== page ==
Scratch Patisserie is a household name in the Northern Rivers, and it’s a rare individual who can walk past one of their pastries without stopping.

Since opening the doors to Scratch ten years ago, Greg and Angie Wilton have underpinned their family business with one simple mantra: make it fresh, make it from scratch.

The Northern Rivers is now renowned for its small batch, artisan offerings and Scratch Patisserie is a favourite of Mullumbimby Farmers Markets (every Friday) and New Brighton Farmers Markets (every Tuesday).

It’s been a year since Greg and Angie chose to close their shop and focus solely on the markets in the region.

Greg said it’s a decision they couldn’t be happier with.

“By scaling down we can ensure we keep things as local as possible,” he said.

“We can get things through the markets and focus on what fruits and vegetables are in season.

“There are people who have been making great products for a long time around here, who aren’t always in the limelight, and this allows us to contribute to the local food chain and connect to our local community.”

One new product being cooked up in the Scratch kitchen is their fig, pecan and honey scroll. 

The pecan paste is sourced from fellow marketeers Nimbin Valley Pecans and Rice and the honey comes from a local family of third generation honey farmers.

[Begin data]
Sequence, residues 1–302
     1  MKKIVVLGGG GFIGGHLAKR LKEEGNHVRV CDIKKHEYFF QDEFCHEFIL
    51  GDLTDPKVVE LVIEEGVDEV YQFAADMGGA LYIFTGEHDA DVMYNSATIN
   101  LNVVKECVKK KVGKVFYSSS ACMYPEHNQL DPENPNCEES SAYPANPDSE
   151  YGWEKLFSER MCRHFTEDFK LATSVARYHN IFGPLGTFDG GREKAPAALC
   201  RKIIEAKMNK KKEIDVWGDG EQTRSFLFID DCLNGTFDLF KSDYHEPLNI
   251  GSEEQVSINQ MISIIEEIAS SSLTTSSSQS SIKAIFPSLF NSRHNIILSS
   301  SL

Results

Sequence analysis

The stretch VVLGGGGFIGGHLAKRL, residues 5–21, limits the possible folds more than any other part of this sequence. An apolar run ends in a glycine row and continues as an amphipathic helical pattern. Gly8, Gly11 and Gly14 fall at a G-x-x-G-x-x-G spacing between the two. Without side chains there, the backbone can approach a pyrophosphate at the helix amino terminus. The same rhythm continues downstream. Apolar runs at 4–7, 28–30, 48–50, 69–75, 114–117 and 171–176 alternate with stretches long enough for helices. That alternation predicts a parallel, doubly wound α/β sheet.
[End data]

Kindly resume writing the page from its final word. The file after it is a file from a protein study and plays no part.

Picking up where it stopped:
“They’ve been producing great honey for years, and in fact our fathers actually used to play football together so it’s a great local story!” Greg said.

Scratch employs two local staff who prepare the baked goods – make the dough and make the pastries during the daytime.

Angie and Greg then work in partnership to deliver the fresh products to their local communities.

On market days Greg’s day starts at midnight, as he begins baking the products that have been prepared that day.

After a morning of baking before the sun comes up, he packs up and heads into the markets to set up the Scratch stall.

“It’s the best part of the day,” Greg said.

“The sounds, the smell, the way the weather changes – a lot of people who rise early in the morning know the changeover – that cold, crisp change, the wind starts to drop.”

And for those who head to the local markets, the smell of a fig, pecan and honey scroll is now also on the air!